xxiv, 487 pages : illustrations, map ; 23 cm.
9780226679877 hardcover 022667987X hardcover 9780226679907 paperback 022667990X paperback 9780226680071 electronic book
Chicago series in law and society.
"Michael McCann and George Lovell offer a history of Filipino salmon cannery workers in Alaska and the Pacific Northwest, focusing on their experiences with law, union organizing, and progressive politics over the course of the 20th century. Coming to this country after the American conquest of the Philippines, many worked at the salmon canneries. The salmon workers were segregated in both the jobs they could have and where they lived. Higher scale jobs were reserved for whites; lower scaled jobs for Filipino workers. Company housing for seasonal workers was also segregated on the same basis. The authors focus on the development of labor unions and fights over the rights of workers to organize effectively during World War II and the Cold War. They argue that economic interests used law to fight the efforts of Filipino workers to organize"-- Provided by publisher.
Bibliography, etc. Note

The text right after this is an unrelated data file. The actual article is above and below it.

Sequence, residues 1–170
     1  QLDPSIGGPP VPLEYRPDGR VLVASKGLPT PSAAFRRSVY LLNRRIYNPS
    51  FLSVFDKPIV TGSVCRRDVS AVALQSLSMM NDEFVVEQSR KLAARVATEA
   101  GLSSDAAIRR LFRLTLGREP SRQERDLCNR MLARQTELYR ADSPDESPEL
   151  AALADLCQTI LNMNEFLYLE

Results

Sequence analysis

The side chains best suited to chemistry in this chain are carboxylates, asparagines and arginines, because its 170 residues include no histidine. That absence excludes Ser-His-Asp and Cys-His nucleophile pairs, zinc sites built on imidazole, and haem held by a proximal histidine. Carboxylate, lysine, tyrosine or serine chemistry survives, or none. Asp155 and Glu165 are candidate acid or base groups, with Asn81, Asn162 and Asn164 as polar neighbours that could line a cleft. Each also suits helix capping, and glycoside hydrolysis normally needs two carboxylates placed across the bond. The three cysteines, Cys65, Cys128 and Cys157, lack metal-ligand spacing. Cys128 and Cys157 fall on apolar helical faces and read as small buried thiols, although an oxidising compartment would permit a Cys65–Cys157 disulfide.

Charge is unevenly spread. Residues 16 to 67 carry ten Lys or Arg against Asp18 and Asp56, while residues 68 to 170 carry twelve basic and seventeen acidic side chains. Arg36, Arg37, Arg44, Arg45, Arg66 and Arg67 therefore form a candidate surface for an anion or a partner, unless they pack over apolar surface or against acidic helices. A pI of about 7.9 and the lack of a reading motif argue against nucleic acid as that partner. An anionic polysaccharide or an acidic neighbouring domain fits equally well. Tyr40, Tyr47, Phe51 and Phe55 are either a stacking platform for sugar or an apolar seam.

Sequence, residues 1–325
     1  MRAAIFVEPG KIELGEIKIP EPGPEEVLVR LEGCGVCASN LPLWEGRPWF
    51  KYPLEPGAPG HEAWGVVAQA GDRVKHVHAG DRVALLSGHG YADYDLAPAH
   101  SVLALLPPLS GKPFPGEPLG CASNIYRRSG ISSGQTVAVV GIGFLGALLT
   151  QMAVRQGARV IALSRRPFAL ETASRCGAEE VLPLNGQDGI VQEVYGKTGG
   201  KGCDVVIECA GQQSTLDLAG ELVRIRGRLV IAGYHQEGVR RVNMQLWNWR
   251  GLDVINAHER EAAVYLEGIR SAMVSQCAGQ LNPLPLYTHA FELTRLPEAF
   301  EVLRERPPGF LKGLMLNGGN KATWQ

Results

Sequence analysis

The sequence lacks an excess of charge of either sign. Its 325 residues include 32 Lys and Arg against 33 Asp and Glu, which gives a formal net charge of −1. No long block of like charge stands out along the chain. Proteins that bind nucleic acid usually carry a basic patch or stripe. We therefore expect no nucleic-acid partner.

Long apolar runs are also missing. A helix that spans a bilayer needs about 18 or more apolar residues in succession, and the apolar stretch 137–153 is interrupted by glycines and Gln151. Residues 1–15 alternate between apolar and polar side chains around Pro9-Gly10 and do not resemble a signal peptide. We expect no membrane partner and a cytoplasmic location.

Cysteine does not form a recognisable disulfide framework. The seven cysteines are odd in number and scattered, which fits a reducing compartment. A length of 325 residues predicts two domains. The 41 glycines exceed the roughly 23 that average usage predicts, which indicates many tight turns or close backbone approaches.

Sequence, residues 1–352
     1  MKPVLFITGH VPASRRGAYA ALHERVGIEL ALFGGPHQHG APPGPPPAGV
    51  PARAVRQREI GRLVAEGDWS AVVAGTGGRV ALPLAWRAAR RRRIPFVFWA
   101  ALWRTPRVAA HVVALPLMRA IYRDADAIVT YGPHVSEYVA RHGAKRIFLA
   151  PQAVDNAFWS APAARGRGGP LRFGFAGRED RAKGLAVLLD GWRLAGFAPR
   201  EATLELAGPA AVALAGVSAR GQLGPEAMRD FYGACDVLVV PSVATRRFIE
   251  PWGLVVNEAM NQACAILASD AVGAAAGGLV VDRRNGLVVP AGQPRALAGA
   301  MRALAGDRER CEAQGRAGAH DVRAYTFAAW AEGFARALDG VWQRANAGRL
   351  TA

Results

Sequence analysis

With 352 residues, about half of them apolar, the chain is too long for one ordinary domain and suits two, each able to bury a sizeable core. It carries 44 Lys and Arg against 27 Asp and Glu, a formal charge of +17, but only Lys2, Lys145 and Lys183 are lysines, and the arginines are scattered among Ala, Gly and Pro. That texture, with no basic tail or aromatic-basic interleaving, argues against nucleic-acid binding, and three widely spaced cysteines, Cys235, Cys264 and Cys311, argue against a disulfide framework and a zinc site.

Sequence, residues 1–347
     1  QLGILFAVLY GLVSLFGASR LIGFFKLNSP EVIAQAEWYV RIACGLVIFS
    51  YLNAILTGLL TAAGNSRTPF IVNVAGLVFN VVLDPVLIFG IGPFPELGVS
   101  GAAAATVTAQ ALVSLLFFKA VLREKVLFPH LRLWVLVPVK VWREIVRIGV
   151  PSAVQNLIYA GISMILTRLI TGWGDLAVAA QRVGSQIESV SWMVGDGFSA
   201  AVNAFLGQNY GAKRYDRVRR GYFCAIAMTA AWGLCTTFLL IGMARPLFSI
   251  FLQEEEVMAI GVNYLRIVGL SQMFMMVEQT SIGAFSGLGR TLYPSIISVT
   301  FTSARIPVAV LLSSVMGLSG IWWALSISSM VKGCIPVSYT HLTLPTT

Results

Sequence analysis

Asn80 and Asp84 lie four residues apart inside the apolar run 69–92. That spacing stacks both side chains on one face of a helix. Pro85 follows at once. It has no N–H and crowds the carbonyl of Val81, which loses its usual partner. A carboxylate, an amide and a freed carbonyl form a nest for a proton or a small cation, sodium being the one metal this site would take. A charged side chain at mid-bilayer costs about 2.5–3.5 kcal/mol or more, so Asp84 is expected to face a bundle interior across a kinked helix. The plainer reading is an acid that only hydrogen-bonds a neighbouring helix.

Includes bibliographical references and index.
Formatted Contents Note
American Capitalist Expansion, Colonialism, and Empire Prologue to Part I: The American Colonial Project in the Philippines Filipino Migration to the Metropole: Racism, Resistance, and Rights A Cannery Workers' Union by Law: The Formative Years Rights Radicalism amid "Restrictive" Law: The War Years Part II. Challenging Empire: Transpacific Rights Radicalism Prologue to Part II: The Cold War Era: Global Empire, the Rise of Marcos, and Civil Rights LELO, ACWA, and the Politics of Radical Rights Mobilization The Trials of Tragedy: Turning Anguish into Anger Wards Cove v. Atonio: The Execution of "Good" Civil Rights Law Conclusion: Theorizing Law and Legal Mobilization in Racial Capitalist Empire.
KF3409.C2 M33 2020
Available in Other Form
ebook version :
Chicago : The University of Chicago Press, 2020.